Having completed his studies at Oxford he decided to stay in Britain and did so for the next 50 years and explained his reasons in 2009 : He later said that the “clincher” behind his decision to stay had been the National Health Service and said : “This is a country where the ideals of the people have been enshrined in the way the country organises itself and that, to me, is incredible.”

After graduation and considering his future, he noticed that, though there were three cinemas in Oxford, they only showed films “like Bedknobs and Broomsticks or porn”. As a result,  the 1970s he bought a redundant cinema off Cowley Road and in 1976 with a friend reopened it as the 'Penultimate Picture Palace' or 'PPP', because his bank manager told him that if it was not the ultimate reckless enterprise it was 'the penultimate' or next worst thing. He revitalised the frontage by installing a sculpture by John Buckley, depicting Al Jolson in minstrel make-up reaching out his white-gloved hands in a scene from his 1927 'The Jazz Singer.'

For the next 15 years, under Bill, the 'PPP', which was run as a 'members’ club', built its reputation on art house films and films that had been denied a certificate by the censor, often attracting the ire of the City Council. Bill went on to open the 'Moulin Rouge Cinema', which he later renamed 'Not The Moulin Rouge' in Headington, for which John designed a giant pair of legs.  

His shark, designed by John, which appeared to have fallen headfirst from the sky and plunged straight through the roof slates up to its pectoral fins, was erected, without planning permission, on the 41st anniversary of the dropping of the atom bomb on Nagasaki. It was also intended as a protest against the American bombing of Libya and as a statement about nuclear weapons. Installed in the midst of the Cold War the shark apparently depicted how even suburban quietism was at threat from atomic holocaust. As in Jaws, nowhere was safe and Bill suggested : "It is saying something about CND, nuclear power, Chernobyl and Nagasaki."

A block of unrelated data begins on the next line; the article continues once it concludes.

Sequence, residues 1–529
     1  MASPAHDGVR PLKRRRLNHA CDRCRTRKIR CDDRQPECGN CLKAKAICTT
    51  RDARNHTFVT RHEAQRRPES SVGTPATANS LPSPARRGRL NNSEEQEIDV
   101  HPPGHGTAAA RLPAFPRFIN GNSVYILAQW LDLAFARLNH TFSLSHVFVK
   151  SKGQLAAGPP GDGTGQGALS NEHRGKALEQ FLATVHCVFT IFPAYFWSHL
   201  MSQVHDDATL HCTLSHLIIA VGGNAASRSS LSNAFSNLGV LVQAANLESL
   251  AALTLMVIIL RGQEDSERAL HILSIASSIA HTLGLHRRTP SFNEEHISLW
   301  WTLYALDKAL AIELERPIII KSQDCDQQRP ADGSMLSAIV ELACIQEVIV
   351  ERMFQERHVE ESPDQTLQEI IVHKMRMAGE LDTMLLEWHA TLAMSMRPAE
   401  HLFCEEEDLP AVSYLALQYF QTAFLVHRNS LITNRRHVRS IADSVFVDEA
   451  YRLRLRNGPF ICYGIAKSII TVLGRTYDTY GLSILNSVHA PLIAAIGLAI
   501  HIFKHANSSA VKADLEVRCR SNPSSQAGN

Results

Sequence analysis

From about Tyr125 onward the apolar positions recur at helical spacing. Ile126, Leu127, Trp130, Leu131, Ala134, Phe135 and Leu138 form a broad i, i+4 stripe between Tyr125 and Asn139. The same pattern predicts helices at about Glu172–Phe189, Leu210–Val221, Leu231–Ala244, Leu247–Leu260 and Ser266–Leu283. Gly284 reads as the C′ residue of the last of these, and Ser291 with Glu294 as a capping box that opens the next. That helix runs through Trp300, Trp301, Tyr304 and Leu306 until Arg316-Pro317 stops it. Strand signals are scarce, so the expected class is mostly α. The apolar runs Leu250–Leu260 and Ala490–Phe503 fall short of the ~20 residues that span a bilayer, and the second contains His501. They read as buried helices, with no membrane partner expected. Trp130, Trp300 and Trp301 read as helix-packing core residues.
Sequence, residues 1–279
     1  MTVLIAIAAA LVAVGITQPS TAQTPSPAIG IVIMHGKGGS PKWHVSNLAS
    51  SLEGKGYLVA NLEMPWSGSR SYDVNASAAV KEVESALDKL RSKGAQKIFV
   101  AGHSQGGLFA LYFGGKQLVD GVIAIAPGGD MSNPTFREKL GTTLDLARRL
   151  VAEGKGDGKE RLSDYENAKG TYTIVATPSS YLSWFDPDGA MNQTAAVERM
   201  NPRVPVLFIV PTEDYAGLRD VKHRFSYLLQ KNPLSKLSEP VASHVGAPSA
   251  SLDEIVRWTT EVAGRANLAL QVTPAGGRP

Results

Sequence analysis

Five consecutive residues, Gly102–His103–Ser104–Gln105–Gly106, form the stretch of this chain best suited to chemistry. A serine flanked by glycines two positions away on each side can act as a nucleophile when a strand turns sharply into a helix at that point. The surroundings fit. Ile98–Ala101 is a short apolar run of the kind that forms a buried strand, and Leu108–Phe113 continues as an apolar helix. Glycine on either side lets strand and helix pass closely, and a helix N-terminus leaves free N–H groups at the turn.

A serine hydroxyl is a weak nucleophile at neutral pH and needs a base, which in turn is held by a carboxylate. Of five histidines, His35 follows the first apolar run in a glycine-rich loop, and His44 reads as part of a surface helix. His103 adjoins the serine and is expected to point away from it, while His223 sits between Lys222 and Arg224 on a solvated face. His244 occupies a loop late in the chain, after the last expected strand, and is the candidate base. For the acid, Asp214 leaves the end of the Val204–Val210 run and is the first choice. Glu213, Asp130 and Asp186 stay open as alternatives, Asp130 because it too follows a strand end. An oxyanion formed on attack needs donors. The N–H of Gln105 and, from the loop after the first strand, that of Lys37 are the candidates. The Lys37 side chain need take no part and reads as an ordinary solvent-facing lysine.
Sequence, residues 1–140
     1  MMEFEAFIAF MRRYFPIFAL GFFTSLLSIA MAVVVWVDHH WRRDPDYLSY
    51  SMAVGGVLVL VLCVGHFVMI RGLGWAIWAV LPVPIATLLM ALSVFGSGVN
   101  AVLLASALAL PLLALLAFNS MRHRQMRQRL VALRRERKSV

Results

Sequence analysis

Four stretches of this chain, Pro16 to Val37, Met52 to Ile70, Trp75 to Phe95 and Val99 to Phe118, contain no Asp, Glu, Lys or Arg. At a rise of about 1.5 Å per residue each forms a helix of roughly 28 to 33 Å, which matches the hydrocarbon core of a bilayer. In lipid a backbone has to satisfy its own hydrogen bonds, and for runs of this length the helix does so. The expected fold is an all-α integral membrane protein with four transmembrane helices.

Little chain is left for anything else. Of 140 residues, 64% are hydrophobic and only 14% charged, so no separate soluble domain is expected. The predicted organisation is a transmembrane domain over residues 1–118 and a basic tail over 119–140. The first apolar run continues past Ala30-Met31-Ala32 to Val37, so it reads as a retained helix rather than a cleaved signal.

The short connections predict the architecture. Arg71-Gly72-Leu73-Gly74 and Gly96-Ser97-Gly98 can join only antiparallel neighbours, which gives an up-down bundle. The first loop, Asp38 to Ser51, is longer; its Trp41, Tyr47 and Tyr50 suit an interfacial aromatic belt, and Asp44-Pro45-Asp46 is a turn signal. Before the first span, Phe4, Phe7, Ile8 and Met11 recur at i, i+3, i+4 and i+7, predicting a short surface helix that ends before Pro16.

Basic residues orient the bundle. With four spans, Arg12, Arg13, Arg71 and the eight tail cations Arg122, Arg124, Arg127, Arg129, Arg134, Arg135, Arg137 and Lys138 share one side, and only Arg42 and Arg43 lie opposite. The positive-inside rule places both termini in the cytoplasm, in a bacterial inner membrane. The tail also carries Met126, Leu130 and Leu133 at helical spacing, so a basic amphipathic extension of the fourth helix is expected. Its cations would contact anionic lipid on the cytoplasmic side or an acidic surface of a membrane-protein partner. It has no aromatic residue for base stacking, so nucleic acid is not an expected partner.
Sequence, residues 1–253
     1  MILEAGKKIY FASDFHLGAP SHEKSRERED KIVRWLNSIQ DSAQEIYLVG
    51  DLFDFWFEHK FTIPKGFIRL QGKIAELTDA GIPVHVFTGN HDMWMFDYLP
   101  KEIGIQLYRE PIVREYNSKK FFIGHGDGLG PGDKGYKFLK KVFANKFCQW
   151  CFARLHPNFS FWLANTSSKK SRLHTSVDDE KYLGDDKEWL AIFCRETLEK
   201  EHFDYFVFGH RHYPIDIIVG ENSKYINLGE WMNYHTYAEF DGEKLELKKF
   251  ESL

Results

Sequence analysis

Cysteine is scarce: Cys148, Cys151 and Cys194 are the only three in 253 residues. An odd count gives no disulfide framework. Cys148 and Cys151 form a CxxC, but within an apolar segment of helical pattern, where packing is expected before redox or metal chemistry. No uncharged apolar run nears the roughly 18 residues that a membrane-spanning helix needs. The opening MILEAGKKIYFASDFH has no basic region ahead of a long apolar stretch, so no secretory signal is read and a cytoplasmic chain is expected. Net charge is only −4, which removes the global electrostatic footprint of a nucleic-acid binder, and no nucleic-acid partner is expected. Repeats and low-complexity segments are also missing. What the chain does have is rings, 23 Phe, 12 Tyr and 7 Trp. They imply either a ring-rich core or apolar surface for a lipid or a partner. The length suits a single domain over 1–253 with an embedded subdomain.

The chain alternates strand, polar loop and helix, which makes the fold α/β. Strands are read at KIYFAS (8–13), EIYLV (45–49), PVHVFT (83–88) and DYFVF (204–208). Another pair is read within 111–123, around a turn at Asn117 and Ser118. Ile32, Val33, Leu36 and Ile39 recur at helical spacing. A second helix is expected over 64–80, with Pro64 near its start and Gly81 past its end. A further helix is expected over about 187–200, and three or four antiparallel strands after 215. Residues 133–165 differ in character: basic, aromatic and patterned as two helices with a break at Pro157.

It provoked a storm of outrage in Oxford and brought repeated calls from Oxford City Council to remove it. Bill fought a six-year battle with the Council which ended in 1992 when the Environment Secretary Michael Heseltine intervened and he was granted retrospective planning permission with the decision that : 'Any system of control must make some small place for the dynamic, the unexpected, the down right quirky.'

The shark also heralded the start of Bill's media career. He began writing a column for the 'Oxford Star' and in 1988 'BBC Radio Oxford' asked him to host a lunchtime phone-in programme, his interviewer assuring him : “This is the beginning of something big. This is why we’re going to pay you peanuts.” Over the next 30 years, he became known as an opinionated and fearless interviewer willing to tackle anyone, from senior politicians to criminals. His campaigns included an investigation into a paedophile running a child model agency which, he claimed, resulted in an attempt on his life.

Bill, who died on 2nd April, knew that his shark had become a popular landmark, drawing thousands of tourists to an otherwise unremarkable suburb of Oxford and that the council had become reconciled to its existence. As a result, last year council members were reported to have backed a project to protect it as a permanent part of the city’s skyline and Bill was presented with a 'Special Certificate of Merit' in recognition of his contribution to the city.

While working at BBC Radio Oxford he interviewed David Cameron, Gordon Brown, Nick Clegg, Ricky Gervais, Alan Bennett and Gordon Brown of whom he asked : 
"Prime Minister, are there times when you feel impotent?" 

P.S. Bill's BBC interview with Nelson Mandela's daughter, Makaziwe :